Baby shortfin makos develop from eggs retained in the female's body. She is sexually mature at 7-8 years and six to nine feet in length. Those that grow faster indulge in cannibalism, munching their brothers and sisters while still inside the mother. Now that is a real example of sibling rivalry. It takes about a year for the two to sixteen pups to emerge, by which time they are a few inches longer than two feet. By the time they are 1-2 years old, they are about three feet long; and reach five feet within 4-6 years. Based on this, the individuals we saw were about three years old. Good thing they were past the "terrible two's," or I might have come back with a finger missing!
Some divers confuse the mako with the great white underwater. Of course saying you saw a great white is a lot more exciting than acknowledging it was "just" a mako. The mako rarely enters nearshore waters, although in the waters around offshore islands like Catalina this is probably more common than along the SoCal coast. Both are members of the mackerel shark family (Lamnidae), not the infamous requiem shark family (Carcharhinidae) to which the blue shark belongs. In fact, some evolutionary biologists believe the great white may have evolved from a now extinct species of mako shark. The teeth of the great white and shortfin mako are visibly different (if you ever get close enough to inspect them). Both species are considered potentially dangerous, especially when chum and fish blood are in the water. Had we seen a shark larger than the "kids" we encountered, I would have been filming from the deck of the boat!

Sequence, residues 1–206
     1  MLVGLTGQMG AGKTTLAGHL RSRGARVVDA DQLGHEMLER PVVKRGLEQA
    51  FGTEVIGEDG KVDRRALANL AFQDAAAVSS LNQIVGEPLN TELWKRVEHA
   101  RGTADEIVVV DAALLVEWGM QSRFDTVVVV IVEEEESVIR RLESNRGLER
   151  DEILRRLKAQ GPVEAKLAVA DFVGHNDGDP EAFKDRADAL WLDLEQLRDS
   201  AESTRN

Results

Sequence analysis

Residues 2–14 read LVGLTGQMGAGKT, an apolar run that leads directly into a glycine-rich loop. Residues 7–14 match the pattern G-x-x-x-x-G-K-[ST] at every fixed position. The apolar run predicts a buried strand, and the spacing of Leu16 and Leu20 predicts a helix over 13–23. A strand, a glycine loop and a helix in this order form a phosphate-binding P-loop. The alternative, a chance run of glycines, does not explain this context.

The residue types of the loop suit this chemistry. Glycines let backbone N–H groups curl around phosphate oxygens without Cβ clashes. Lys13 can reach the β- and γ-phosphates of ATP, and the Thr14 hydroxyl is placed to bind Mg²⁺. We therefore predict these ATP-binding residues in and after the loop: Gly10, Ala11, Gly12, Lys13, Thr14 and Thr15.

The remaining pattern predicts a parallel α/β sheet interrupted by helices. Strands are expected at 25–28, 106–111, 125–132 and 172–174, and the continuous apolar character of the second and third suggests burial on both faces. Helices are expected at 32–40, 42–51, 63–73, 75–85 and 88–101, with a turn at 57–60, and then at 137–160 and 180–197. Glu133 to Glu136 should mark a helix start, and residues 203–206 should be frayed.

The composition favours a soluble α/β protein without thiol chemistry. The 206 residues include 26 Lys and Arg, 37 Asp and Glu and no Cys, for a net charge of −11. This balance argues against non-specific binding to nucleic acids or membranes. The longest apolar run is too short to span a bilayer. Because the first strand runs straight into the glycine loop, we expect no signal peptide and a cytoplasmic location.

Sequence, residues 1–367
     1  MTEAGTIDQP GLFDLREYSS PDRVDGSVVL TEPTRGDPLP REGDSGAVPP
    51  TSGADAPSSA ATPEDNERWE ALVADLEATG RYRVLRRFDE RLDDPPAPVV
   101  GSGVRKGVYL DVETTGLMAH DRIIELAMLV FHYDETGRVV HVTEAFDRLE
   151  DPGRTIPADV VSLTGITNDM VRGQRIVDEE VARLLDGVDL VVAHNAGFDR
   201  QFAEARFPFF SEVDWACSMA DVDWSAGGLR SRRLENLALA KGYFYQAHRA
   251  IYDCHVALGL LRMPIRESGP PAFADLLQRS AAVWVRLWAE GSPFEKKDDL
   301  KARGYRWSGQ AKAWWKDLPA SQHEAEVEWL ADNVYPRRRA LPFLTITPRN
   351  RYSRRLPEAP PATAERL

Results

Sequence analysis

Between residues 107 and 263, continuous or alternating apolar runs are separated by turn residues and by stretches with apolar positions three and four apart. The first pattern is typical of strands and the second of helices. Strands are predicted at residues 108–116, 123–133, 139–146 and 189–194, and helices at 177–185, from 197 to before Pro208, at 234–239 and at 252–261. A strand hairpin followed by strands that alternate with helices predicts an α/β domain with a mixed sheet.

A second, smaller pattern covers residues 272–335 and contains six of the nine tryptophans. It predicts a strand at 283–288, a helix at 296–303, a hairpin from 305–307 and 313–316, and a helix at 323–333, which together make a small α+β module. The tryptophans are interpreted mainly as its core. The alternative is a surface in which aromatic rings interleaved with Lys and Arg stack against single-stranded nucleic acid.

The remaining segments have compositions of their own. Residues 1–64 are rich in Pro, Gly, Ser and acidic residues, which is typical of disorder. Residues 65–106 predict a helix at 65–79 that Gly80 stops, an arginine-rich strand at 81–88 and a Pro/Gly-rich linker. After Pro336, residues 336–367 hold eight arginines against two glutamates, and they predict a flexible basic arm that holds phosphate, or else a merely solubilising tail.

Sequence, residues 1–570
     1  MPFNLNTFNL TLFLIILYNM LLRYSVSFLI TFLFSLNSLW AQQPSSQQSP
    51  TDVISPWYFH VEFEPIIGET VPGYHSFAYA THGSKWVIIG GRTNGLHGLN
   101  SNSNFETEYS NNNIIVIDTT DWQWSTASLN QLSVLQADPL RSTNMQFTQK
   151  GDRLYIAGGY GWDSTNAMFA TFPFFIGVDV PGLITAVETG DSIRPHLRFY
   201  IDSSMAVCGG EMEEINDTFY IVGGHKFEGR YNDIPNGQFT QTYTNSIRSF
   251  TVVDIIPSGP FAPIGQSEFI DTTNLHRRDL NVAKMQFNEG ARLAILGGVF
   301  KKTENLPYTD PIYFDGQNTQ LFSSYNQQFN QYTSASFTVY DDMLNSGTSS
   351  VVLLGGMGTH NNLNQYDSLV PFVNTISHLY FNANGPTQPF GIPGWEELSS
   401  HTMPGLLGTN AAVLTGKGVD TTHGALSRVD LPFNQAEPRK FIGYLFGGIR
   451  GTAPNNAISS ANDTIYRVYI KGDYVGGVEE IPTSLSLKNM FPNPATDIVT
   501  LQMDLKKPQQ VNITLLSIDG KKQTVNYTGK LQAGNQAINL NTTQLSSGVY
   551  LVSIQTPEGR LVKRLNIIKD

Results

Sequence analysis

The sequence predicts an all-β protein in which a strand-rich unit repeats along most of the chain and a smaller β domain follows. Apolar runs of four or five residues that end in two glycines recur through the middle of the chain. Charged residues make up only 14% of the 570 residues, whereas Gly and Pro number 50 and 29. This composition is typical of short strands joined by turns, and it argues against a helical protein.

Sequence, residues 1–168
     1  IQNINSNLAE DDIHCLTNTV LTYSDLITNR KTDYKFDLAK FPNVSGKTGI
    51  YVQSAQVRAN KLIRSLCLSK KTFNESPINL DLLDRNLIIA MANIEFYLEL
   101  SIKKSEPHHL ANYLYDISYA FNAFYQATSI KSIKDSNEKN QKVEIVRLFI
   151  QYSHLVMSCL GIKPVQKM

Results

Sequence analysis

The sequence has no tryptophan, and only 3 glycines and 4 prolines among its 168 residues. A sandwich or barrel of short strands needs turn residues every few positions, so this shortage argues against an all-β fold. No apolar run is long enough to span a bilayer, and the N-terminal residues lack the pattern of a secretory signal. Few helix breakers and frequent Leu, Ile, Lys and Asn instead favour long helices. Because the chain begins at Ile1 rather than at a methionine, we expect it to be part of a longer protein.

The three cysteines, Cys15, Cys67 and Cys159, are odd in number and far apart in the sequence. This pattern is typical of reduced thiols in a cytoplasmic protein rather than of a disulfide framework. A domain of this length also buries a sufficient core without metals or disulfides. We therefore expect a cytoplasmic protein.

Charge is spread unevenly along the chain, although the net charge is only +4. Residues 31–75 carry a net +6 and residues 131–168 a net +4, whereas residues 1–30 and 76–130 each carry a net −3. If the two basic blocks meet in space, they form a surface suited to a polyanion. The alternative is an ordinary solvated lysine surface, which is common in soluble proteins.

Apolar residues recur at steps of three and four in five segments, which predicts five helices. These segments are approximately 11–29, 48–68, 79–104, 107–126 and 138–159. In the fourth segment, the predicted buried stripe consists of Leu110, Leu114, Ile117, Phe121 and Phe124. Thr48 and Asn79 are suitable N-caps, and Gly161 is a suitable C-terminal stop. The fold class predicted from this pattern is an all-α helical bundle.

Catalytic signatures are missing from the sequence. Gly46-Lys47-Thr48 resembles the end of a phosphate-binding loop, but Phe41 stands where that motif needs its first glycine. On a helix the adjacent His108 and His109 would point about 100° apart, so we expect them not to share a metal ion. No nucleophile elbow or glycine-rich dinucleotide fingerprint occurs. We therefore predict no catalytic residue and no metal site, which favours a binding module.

NOTE: There is an excellent video about diving Catalina Island that is available over the Internet on the Bloomberg Financial News' website. It features interviews with Jean-Michel Cousteau, Mayor and SCUBA Luv co-owner Bob Kennedy, and Dr.Bill. The video was put together by Matt and Nadja Brandt for Bloomberg. To see it, log onto the Bloomberg web site (www.bloomberg.com), and search the site on the keywords "Cousteau" and "giant sea bass." You can read the accompanying article by Nadja, then to the right of it select the accompanying media "Diving in the Emerald Forest off Catalina." It's a pretty nice introduction to our underwater world and why many of us love to dive here.
© 2007 Dr. Bill Bushing. Watch the "Dive Dry with Dr. Bill" underwater videos on Catalina Cable TV channel 49, 10:00 AM and 5:00 PM weekdays. Please help me climb out of self-imposed poverty... buy my "Munching and Mating in the Macrocystis," "Great White Sharks of Guadalupe," "Calimari Concupiscence: Mating Squid, " "Playful Pinnipeds: California Sea Lions," "Belize It or Not: Western Caribbean Invertebrates, Fish and Turtles," "Gentle Giants: Giant Sea Bass" or "Common Fish and Invertebrates of the Sea of Cortez" DVD's. Yes, take Dr. Bill home with you... we'll both be glad you did!
Shortfin makos making passes at me (they were females) and Tim Mitchell hand feeding a blue shark.
This document maintained by
Dr. Bill Bushing.
Material and images © 2007 Star Thrower Educational Multimedia